The Value of a Brand for Tech Companies:

VC: “Where’s the defensibility?”

Founder: “We have a great brand.”

Awkward silence…

I’m sure many a VC or Founder can relate to this exchange. VCs want to invest in companies that have network effects, strong lock in, or a competitive edge in technology or distribution. I have a sneaking suspicion, however, that today many VCs undervalue brands and place too high a premium on technology. I first began thinking about this because I noticed that more and more founders were alluding to “brand” during pitches. And given that founders are the best proxy for where opportunities lie, I thought it was worth paying attention to. USV’s recent thesis 3.0, which they recently published, made me more confident in this supposition.

I think there are three main reasons why brands are becoming an increasingly important component of high-growth technology businesses:

1.) The role of brands in society is evolving. More and more, consumers look to brands that align with their values and this emotional resonance breeds loyalty. Furthermore, in a world of massive informational overload — the average consumer is exposed to 3000 brands a day — trusted brands act as an effective heuristic for parsing through noise.

2.) The strength of technological moats has weakened due to the accelerated speed of innovation and the availability of global capital. Global VCs can fund proven business models at the drop of a hat and the major tech companies are constantly infringing on each other’s turf. Facebook copied Snapchat with ease, Amazon looms large over everyone, and Chinese and American bike-sharing companies duke it out with massive war chests. As Arjun Sethi wrote in this piece, the moat you have today simply grants you runway to create the next killer product. As these moats shrink, the distribution of value in the stack of a technology company shifts:


Indeed, as I sat down to write this over the weekend the merits of competitive moats were being debated by none other than Musk and Buffet. Buffet likes to invest in recognisable brands, such as Coca Cola, because of the moat they provide while Musk opined that moats are “lame” and companies should stay competitive through innovation. In this case, I think Musk is underestimating the moat that his personal brand has contributed to his companies.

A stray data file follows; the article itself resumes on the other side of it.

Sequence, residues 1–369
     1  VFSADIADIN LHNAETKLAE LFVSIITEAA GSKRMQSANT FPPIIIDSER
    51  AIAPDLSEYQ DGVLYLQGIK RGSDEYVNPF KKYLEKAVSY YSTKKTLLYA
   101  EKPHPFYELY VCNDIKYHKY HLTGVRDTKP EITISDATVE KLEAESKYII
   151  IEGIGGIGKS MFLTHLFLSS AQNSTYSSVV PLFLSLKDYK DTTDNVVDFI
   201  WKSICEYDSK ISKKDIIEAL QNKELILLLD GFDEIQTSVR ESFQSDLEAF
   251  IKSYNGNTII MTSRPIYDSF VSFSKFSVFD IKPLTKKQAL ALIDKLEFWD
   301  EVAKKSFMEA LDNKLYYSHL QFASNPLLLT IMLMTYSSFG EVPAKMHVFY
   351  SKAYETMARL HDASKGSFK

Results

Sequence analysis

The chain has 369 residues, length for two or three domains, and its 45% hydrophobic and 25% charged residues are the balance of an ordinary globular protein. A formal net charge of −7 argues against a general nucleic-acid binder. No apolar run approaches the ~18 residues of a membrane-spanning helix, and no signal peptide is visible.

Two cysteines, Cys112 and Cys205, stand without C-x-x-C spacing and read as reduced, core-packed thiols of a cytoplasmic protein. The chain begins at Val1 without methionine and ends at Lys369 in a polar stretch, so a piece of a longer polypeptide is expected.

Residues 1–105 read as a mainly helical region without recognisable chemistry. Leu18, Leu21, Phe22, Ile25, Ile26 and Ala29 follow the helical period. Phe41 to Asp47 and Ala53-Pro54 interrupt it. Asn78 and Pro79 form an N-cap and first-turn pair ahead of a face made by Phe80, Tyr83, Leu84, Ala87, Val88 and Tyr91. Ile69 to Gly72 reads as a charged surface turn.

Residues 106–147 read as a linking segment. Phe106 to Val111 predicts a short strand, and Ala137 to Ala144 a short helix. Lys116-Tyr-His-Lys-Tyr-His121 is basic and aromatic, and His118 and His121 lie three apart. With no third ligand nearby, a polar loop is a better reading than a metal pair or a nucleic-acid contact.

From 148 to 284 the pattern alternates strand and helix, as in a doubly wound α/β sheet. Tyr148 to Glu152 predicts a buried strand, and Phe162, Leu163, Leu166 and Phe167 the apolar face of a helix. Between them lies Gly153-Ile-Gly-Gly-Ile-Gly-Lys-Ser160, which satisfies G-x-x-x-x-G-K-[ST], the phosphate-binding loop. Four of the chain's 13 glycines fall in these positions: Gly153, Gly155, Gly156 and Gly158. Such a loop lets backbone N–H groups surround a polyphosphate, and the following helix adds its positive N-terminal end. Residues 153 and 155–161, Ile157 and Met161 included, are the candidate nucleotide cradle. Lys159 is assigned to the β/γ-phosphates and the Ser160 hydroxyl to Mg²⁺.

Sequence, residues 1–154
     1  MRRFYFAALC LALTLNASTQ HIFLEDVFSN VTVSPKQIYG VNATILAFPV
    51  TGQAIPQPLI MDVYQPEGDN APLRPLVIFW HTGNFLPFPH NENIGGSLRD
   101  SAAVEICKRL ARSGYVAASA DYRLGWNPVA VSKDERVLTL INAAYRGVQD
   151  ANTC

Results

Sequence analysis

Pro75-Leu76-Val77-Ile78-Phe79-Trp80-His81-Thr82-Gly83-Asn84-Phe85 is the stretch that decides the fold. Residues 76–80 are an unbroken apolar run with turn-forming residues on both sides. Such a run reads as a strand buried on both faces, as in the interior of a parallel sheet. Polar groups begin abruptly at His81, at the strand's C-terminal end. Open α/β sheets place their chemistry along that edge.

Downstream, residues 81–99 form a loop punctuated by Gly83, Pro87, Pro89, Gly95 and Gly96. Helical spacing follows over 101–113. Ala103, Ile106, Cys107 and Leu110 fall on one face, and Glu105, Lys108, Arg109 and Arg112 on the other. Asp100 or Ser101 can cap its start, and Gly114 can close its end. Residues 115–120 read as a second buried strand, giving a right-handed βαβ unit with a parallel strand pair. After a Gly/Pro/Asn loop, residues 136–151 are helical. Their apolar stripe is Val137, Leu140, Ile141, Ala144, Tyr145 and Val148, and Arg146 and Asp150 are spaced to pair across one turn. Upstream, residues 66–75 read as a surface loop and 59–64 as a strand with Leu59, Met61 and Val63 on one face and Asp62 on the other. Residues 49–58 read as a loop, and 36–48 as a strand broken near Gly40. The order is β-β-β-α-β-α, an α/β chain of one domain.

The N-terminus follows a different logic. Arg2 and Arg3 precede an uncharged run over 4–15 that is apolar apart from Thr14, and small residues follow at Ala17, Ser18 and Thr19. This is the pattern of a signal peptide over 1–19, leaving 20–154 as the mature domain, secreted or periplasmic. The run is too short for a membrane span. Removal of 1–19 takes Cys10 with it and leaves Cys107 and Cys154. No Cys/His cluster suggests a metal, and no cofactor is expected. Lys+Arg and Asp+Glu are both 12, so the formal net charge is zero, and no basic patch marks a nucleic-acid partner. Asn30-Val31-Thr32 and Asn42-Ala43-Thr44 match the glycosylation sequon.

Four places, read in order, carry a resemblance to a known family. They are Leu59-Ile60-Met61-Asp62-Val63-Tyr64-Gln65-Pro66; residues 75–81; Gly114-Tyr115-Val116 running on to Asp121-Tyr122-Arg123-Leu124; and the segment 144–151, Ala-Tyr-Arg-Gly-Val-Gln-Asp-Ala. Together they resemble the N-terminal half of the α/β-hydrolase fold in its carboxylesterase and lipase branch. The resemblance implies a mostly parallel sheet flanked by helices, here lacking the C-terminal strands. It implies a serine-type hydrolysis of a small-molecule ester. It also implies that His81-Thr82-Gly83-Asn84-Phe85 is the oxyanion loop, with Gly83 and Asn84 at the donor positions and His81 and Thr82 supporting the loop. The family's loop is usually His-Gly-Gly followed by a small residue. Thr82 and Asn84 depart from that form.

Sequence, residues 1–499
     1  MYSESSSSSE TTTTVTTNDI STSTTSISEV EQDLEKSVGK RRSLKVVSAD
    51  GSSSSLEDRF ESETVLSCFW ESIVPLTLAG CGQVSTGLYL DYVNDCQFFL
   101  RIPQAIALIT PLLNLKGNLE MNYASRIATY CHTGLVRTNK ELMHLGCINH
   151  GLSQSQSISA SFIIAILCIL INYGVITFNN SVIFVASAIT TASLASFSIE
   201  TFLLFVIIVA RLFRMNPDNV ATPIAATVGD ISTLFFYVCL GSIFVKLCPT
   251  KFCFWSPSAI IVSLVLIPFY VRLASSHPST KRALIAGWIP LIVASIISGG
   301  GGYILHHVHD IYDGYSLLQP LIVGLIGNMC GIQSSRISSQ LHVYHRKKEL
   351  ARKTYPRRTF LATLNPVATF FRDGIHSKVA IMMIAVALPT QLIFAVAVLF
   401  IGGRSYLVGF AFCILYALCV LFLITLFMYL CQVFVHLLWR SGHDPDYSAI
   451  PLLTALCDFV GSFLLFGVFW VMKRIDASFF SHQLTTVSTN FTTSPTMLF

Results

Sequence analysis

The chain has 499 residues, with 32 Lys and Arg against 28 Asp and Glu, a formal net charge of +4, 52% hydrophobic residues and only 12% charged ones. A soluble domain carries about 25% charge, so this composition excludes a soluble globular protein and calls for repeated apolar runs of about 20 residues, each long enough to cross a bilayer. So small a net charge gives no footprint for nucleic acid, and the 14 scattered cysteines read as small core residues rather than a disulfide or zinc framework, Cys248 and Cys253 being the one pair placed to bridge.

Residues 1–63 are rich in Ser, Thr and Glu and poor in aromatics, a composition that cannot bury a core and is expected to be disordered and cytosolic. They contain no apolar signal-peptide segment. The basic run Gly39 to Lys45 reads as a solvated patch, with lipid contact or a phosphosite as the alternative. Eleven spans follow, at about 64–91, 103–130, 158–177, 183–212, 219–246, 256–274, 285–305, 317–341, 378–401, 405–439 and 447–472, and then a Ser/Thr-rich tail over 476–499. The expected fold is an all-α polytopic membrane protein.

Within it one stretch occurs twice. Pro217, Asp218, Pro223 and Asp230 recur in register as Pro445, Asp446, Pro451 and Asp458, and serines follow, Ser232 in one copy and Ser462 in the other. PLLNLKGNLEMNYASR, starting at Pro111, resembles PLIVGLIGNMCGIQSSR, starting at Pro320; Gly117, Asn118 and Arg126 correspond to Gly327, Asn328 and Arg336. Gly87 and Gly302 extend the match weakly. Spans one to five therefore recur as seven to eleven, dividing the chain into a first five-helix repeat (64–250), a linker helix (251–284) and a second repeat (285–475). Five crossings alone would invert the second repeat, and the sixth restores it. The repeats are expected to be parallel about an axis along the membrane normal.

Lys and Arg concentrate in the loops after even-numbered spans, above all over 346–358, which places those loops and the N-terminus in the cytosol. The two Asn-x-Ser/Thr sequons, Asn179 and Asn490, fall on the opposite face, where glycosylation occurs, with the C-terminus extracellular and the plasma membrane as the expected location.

3.) Distribution channels have opened up. The greatest challenge for a startup today, whether it’s a mattress company or a musical artist, is to foster awareness. Anyone can market a product through Instagram and distribute through Amazon but awareness and a loyal fan base, aka a brand, is invaluable. The theory of a long tail of winners has not manifested. We live in a blockbuster world: Kylie Jenner did $1BN in sales for her makeup line last year; Beyonce achieves goddess status; Tesla is overvalued because of Elon’s fan club; and WeWork justifies its sky high valuation with its “spirituality.”

Traditionally, VCs have not placed much value on “brand” because its value is intangible and difficult to quantify. The same goes for many public equities investors. But it’s clear from recent success stories, like Revolut and Robinhood, which achieved billion dollar valuations in record time that their nascent brands played an important role in their rapid growth. Indeed, Apple, perhaps the most recognised technology brand in the world, also happens to be the most valuable company in the world. Moving forward, investors and entrepreneurs will need to develop new mental models to better understand the role of brands in technology companies and early-stage startups. What exactly those mental models might be? Well, that’s for another post since I’m still figuring that part out!

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